Homily – August 21st, 2011
HYMN OF PRAISE Romans 11:33-36 August 21, 2011 21st Sunday in Ordinary Time
At the Grand Canyon in Arizona, you look over the rim and down to the Colorado River far below; you watch the water crawl along; from the rim to the valley floor, your gaze descends over a mile, some 6,000 feet. And gazing across this natural wonder, your view travels up to eighteen miles. The river winds through the canyon for nearly three hundred miles, exposing us to two billion years of geological history.
The Grand Canyon inspires us to reflect in St. Paul’s marveling:
Oh, the depth of the riches and of the wisdom and of the
knowledge of God!
How inscrutable are his judgments, how unsearchable his ways!
Saint Paul catches up his readers and listeners in awe and praise of God’s including all people in His plan for salvation. “God our savior desires everyone to be saved and to come to the knowledge of the truth” (I Timothy 2: 3-4). Paul in this letter to the Romans allows that God wills first the Jews to be saved, and after the Jews that Gentiles, too, receive His grace. Salvation—the spiritual completion of us humans—is a divine gift, and God wills this gift to everyone who does not refuse it. God wants you and me to fill up with godliness.
Paul asserts that, in the first place, God’s “ways” exceed the grasp of human understanding. If we humans can reach the floor of the Grand Canyon only with difficulty, how might we reach into the depth of God’s riches, that is, how might we recognize and appreciate the riches of God’s saving power. For God reverses our universal, sinful disobedience. The Book of Genesis mentions the evil in Sodom and Gomorrah; if today we have no such book, still our nightly TV screen depicts enough evil in our day. Yet God summons everyone—those jeering and those loving—Jews and gentiles, to come into His kingdom.
In the second instance, God’s wisdom exceeds our capacity, for God works out the salvation of Jews and of gentiles. If God is “rich” in bringing people to Himself, God is also wise in reversing the announced saving of only one tribe.
And in the third aspect, Paul marvels at the mysterious manner in which God knows or elects the gentiles to join with the Israelites in salvation.
Paul marvels that God’s judgments are “unsearchable,” for we cannot look them over to review God’s thinking. Some time ago I involved myself in reading the written decisions of several State supreme courts. These decisions concern pupils in private and religious oriented schools. The State of Louisiana, for example, finds it legal for the state to give textbooks to private school pupils. The State of Illinois and the State of Alaska in their written decisions will transport pupils to private schools, while our State of Washington prohibits both textbooks and rides. In reading such decisions, we puzzle over the logic expressed, and we argue with the thinking. God’s judgments, however, are “unsearchable.”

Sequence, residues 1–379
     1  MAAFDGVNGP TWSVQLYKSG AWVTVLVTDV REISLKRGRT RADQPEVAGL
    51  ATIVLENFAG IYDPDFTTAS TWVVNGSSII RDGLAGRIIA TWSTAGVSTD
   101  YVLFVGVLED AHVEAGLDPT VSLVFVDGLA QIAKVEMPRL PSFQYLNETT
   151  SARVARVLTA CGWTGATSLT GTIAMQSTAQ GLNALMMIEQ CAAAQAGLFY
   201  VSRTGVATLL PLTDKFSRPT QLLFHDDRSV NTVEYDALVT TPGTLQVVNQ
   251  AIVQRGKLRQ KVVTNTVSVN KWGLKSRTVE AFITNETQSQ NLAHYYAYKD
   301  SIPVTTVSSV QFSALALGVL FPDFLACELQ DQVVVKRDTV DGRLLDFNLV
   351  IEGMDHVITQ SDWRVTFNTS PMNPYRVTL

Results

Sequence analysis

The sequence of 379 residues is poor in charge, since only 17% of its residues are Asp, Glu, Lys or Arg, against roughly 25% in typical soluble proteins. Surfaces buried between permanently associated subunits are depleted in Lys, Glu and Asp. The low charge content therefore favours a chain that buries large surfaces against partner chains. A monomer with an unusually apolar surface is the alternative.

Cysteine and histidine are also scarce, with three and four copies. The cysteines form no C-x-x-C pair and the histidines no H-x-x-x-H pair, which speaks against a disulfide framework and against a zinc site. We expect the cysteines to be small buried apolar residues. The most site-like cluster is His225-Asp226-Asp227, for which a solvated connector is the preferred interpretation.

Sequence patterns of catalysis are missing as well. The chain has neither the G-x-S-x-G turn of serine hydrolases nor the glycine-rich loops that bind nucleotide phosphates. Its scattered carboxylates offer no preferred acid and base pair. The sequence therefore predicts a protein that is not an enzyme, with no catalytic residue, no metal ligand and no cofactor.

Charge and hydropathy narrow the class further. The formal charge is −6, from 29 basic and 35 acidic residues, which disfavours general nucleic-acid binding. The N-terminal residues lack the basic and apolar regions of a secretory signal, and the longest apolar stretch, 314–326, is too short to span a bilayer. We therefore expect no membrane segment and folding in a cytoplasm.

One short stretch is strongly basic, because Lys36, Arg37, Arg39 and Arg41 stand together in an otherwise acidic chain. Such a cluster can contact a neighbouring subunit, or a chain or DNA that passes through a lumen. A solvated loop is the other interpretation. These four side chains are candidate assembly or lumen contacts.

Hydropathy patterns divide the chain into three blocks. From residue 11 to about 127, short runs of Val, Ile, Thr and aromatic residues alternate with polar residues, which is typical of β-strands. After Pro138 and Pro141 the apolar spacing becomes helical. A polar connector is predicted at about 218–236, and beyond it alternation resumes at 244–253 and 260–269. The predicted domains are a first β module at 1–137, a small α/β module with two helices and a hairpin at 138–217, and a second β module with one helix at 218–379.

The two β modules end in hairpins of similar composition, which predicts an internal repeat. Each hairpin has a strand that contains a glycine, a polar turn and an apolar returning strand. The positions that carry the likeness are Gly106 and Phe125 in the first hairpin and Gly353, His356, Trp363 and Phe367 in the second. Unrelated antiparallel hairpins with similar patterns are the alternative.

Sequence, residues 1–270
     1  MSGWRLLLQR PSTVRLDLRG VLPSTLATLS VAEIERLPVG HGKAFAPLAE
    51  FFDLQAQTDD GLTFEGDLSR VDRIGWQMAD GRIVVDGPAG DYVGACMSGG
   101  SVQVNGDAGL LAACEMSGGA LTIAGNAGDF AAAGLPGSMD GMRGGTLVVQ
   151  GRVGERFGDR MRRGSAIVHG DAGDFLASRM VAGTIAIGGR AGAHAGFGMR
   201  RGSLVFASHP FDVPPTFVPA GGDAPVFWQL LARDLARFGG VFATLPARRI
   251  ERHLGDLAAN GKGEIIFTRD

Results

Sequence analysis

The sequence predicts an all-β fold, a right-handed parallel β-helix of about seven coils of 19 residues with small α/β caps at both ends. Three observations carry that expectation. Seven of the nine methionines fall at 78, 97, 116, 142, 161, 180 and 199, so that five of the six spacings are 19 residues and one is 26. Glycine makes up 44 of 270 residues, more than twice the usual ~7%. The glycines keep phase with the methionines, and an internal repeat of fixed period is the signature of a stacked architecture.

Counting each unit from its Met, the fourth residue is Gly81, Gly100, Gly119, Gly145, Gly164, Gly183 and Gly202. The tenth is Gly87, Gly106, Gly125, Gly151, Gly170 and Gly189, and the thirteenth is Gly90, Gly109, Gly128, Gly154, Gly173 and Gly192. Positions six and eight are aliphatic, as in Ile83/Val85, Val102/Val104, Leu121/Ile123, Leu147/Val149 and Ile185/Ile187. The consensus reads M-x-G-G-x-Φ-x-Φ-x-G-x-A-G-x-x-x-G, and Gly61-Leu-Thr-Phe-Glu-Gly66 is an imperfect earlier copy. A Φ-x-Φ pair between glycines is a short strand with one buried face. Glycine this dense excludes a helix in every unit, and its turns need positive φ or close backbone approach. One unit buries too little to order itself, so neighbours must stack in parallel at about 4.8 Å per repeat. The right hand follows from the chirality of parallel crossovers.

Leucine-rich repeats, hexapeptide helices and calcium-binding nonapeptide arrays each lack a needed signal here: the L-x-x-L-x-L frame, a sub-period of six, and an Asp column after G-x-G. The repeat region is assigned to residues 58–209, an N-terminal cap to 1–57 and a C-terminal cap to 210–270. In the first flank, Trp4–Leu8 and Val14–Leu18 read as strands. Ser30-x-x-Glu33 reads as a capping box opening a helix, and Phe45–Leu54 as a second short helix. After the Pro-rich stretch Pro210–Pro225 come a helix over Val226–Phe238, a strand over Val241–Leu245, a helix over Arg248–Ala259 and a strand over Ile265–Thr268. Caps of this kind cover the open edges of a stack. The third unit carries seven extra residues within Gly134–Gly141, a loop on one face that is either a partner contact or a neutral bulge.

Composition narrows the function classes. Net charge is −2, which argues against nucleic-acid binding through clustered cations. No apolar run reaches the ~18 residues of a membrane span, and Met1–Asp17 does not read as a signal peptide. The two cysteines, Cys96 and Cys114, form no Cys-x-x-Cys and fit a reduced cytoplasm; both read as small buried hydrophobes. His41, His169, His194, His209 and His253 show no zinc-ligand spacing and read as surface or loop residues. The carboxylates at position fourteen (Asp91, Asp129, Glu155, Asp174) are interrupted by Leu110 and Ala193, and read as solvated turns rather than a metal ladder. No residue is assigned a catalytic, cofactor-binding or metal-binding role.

Furthermore, God’s “ways” or God’s deeds are “inscrutable,” for God can bring about the redemption of the gentiles, even of those most unlikely. If we cannot inspect God’s knowledge, how can we understand the ways in which God brings about the salvation of people? I suppose that all of us marvel at the stars, especially on those occasions when so many stars clearly appear. One astronomer (cf. friend of Fr. Ken Baker) has likened the number of stars to the number of grains of sand on the beach; both sand and stars exceed our ability to count—even exceeding the national debt—and both overwhelm so that we only marvel. St. Paul finds himself overwhelmed in realizing that Jesus Christ, the Son of God, effects the grace offered to all people. By God’s beneficence, to the extent of our human nature, we attain our godly capacity.
In the final verse of this Pauline hymn, we almost shout the climactic phrases, and we employ a similar expression at each Mass as we conclude the Eucharistic prayer. In the name of all parishioners, the priest raises the host and chalice together and chants “through him, and with him, and in him, all glory and honor are yours, almighty Father, forever and ever, Amen.” This chant emphasizes the work of Jesus Christ. Paul’s chant, while employing similar prepositions, emphasizes the work of God, our Father.
In the expression, “from him,” we praise God as creator from whom all things—stone, plant, human—receive their being. We praise our creating God when we sing that God blesses America, and “From all that dwell below the skies, Let the Creator’s praise arise.” These Pauline verses sing a hymn of praise to the Creator.
In the expression “through him,” we praise our redeeming Lord with our amazing grace that teaches us both to fear and to be relieved of fear. “Through him” we receive our redemption, and we rise in our spirit so that we know the trinity and a holy life.
In the expression “to Him,” our resurrected Christ returns to God the Father as we sing, “Christ the Lord is risen on high. Now he lives no more to die.” In another hymn, we exhort that “All Creatures of Our God and King”—creatures such as sun and moon—all should “praise him! O praise him.” “To him” we return so that we live with God who is both our Creator and our conclusion.
While marveling at our Creator’s unsearchable wisdom, we yet celebrate in word and song that we come from Him, and receive our saving grace through him, and to him we rise. Amen.